And wow, there is just so much to jump on here in the various comments. On the question of organizational development, I have a theory that I want to run by you, Jon Husband, Nollind Whachell, David Amerland, Mani Scienide and Vince Lammas. Might we being seeing a bifurcation in the market, where competitive strategy is moving into one of two directions. There is the OD/DDO-centric strategy, and then there is the automation-centric strategy.

    We often associate automation with high volume / low margin businesses, and heavy investments in people with higher margin businesses. But I think that distinction is breaking down. I also think there are examples of firms that have been able to synchronize these two strategies – Zappos being the most talked about. In my view, it is this synergy between these two approaches that will be the ultimate source of competitive advantage. 

    Long-term, I do think that the OD/DDO path will come under increasing pressure from smarter and smarter algorithms, however. 

  10. < < Might we being seeing a bifurcation in the market >> hmmm, well spotted.  I think you may be ‘right”, or at least on to something.

    < < Long-term, I do think that the OD/DDO path will come under increasing pressure from smarter and smarter algorithms, however.  >> double hmmm .. makes me think of this (long) article that I am just in the process of reading.  I think you’ll find it interesting (if you haven’t already read it).   “The Future of Jobs – The Onrushing Wave”  (The Economist) .. http://www.economist.com/news/briefing/21594264-previous-technological-innovation-has-always-delivered-more-long-run-employment-not-less

  11. Great article Jon Husband  thanks for the really great share. I think my favourite quotes are 

    “the main bottleneck on innovation is the time it takes society to sort through the many combinations and permutations of new technologies and business models”.

    “developing the business models which make the best use of new technologies will involve trial and error and human flexibility”

    “Cultural norms change slowly. Manufacturing jobs are still often treated as “better”—in some vague, non-pecuniary way—than paper-pushing is. To some 18th-century observers, working in the fields was inherently more noble than making gewgaws.”

    Its clear that technological change has always been messy, difficult, challenging and disruptive in the short term – but has unlocked improvements in standards of living over the long haul.

    Furthermore human’s will always place higher value on what they know and understand well over things that are unclear and uncertain to them.

    I see no reason to suggest these trends that will not continue (though with perhaps faster cycles and increased turbulence) … and  I don’t expect we’ll to be able to predict a course – only provide a coherent narrative in retrospect.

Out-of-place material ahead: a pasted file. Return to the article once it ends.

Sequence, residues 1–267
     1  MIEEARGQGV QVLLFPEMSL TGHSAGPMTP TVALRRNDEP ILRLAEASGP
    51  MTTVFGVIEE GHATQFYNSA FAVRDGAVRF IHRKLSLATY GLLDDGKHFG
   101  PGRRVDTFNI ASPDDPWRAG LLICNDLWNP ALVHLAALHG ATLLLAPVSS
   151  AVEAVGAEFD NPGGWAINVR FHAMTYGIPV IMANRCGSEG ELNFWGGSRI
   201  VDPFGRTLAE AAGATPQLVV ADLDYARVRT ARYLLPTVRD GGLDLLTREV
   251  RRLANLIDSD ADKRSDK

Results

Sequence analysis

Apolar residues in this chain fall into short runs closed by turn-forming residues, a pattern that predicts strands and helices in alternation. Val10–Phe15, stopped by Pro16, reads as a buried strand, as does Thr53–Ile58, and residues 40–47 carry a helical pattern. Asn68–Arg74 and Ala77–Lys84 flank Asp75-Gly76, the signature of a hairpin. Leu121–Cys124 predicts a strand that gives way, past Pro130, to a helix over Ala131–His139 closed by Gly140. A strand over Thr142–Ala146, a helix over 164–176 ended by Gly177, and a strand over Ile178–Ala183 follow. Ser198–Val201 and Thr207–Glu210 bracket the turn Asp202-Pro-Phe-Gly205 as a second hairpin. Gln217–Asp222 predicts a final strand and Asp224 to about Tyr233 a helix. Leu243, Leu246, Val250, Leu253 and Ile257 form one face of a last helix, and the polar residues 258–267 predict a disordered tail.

12. Gideon Rosenblatt I think we definitely are. at that point where automation-centric (with smart algorithms in place) will be putting pressure on the OD/DDD approach. but for a while we will still see businesses that cannot yet be automated to that degree. 

  13. We are having one of those synchronistic moments, Jon Husband. It was that very article, which I too am in the midst of reading that has me thinking of this point right now. On Thursday, I’m also heading to hear Erik Brynjolfsson and Andrew McAfee (who are noted at length in that article) speak here in Seattle. 

    And Vince Lammas, you’re hitting on the problem. It’s impossible to predict where this will all end up. We’ll only be able to do it in hindsight with any real accuracy. But, I do think it’s critical that we try to dig in and understand some of the potential scenarios that may play out. That’s why I was so pleased to see The Economist taking this on and asking hard questions that don’t try to hide under that tired old Luddite duck and weave.  

  14. Yes, David Amerland, I do think we are there for an increasing number of job. The Economist piece that Jon Husband points to has a great table ranking which jobs are most and least susceptible. The most susceptible? Telemarketers and accountants and auditors. The least? Recreational therapists and dentists. What?

  15. I saw Andy McAfee present on the new book about a year ago by webcast.  He presented a very disruptive scenario but ultimately hews to the “technology will eventually create more jobs” line, basically.  That’s the part of the Economist article I appreciated most, the questioning of the assumption that things will end up on the positive side of the ledger in terms of impact on employment.

  16. Me too, Jon Husband, me too. Yeah, I read that book too. The first half was really interesting and then they just fall back on this “we have to learn to race with the machines, not against them” line of argument that I just thought was a cop out. Hopefully their new book digs deeper all the way through.